Mozilla Foundation’s Firefox browser does thus and such, or doesn’t do this or that other thing. What I mean is that the program has no menu command or preferences dialog box to give users control over its cache, performance, and other settings. In truth, there are other handy but hard-to-discover ways of configuring Firefox to behave according to your wishes.Firefox inherits a number of hidden configuration interfaces from its Netscape ancestors, namely its ‘about:’ URIs (Uniform Resource Identifiers). For instance, in last April’s Internet Tips column (under “Clear the Cache“), I wrote that unlike Internet Explorer, Firefox doesn’t allow you to view the contents of its cached Web pages and related files. While it is true that you won’t find a menu command or setting in the program’s interface for that task, reader Fran Snyder, who contacted me via e-mail, notes that all you have to do is type
about:cache into Firefox’s address field and press <Enter> to view links to the contents of the browser’s memory and disk caches.
So why would you ever want to peruse your Web browser’s cache? The most obvious reason is that accessing the cache permits you to reopen the pages, images, and Flash animations you have viewed most recently, even when you aren’t connected to the Internet. You can also save cached files to another spot on your hard disk or to removable storage.
Firefox’s voluminous about:cache display doesn’t make it easy, however–your best chance of finding a cached file is to press <Ctrl>-F to open the Firefox search bar, type a portion of the Web site’s domain name, the file name or extension, or some other part of the address into the find field, and press <Enter>. For example, if you’re looking for flash files, enter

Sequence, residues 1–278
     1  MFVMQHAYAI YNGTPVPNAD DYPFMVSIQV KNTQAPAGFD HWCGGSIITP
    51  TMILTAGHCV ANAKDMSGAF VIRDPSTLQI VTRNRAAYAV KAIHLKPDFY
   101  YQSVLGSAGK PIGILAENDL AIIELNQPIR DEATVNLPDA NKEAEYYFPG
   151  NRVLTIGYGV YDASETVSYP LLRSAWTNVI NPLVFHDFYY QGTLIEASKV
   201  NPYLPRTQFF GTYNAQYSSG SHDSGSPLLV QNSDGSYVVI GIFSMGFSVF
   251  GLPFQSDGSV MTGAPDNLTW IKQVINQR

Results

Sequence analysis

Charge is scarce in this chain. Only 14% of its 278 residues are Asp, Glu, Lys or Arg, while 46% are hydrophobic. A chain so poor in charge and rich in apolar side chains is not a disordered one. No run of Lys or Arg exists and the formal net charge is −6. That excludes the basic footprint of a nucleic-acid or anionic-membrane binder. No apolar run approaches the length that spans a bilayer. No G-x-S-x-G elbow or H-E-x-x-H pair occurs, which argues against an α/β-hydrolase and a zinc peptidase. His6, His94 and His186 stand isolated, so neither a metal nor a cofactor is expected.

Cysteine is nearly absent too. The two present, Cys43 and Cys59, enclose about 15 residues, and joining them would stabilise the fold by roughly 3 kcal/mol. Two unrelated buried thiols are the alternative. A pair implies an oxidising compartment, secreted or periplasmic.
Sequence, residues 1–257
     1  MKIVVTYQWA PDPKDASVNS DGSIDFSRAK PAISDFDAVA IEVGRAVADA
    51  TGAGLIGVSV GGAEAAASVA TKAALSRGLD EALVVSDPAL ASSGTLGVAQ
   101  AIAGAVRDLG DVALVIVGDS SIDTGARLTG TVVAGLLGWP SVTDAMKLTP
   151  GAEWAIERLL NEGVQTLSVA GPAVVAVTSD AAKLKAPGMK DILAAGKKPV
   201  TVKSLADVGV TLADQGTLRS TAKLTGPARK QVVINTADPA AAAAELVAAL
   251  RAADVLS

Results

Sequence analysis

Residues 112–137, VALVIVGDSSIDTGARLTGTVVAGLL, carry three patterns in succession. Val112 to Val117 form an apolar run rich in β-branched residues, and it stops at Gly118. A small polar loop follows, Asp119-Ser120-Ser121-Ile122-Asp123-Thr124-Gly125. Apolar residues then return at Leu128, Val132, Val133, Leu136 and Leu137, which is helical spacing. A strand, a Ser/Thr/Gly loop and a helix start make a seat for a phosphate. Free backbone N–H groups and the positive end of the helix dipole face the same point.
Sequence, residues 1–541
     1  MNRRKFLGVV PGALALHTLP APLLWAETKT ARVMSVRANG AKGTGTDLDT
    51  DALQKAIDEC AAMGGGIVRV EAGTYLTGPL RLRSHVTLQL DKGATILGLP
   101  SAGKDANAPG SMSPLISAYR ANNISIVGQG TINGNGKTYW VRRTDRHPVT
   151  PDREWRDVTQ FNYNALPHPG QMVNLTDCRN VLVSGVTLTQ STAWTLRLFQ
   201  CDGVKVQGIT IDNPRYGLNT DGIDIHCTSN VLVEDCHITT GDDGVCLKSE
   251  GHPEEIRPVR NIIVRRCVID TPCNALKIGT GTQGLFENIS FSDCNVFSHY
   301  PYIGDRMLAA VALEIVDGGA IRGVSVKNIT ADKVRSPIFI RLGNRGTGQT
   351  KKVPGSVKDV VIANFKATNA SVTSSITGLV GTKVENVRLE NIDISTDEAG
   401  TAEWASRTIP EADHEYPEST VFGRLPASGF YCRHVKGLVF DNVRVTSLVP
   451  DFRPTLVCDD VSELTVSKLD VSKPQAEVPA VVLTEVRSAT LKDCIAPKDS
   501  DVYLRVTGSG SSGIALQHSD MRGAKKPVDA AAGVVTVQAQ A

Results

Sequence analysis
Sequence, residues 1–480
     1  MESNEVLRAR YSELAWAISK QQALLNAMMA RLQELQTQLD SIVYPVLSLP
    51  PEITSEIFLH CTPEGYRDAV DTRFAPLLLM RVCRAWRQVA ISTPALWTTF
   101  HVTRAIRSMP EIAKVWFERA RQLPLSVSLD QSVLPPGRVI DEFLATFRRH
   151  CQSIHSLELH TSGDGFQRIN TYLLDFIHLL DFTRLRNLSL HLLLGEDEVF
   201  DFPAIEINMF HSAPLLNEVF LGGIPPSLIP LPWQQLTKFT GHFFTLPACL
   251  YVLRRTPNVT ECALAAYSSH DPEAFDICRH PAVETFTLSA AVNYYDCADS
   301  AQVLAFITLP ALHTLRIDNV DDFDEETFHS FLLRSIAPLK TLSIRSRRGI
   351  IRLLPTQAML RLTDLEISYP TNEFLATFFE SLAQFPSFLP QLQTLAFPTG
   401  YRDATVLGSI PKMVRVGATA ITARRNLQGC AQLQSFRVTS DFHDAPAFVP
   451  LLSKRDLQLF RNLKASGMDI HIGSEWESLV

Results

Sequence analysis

.swf. Or for images you saw on the New York Times‘ site, enter
About:cache is just one of Firefox’s hidden resources (you can see a complete list of these ‘about:’ URIs). Type
about:about or just
about: to see detailed information on your version of Firefox. Enter
about:credits to view the names of the scores of developers who dedicated their free hours to creating and improving the browser, and type
about:plugins to list all of the plug-ins currently installed. If you’re sure you’ll forget all of the above, no problem–just install MR Tech’s About:About Firefox extension, which adds the tools as links to the browser’s Help menu.
Configuring It Out
The most useful–and dangerous–of the built-in URIs is about:config. Similar to Windows’ Registry, the about:config page serves as an interface to the many boolean, integer, and string variables that control every aspect of Firefox’s behavior. The biggest problem with about:config is that, like the Registry, it is mostly indecipherable to the average user. And again like the Registry, it lists only those settings that are currently set overtly–many other default settings don’t appear simply because they don’t need to.
Fortunately, an about:config FAQ page on the Mozilla Foundation’s MozillaZine site lists everything you can do within about:config.
Lastly, if you use browsers other than Firefox, note that they offer similar hidden settings and tools. Wikipedia’s handy “URI scheme” entry has tips not only for Firefox, but also for Internet Explorer and Opera.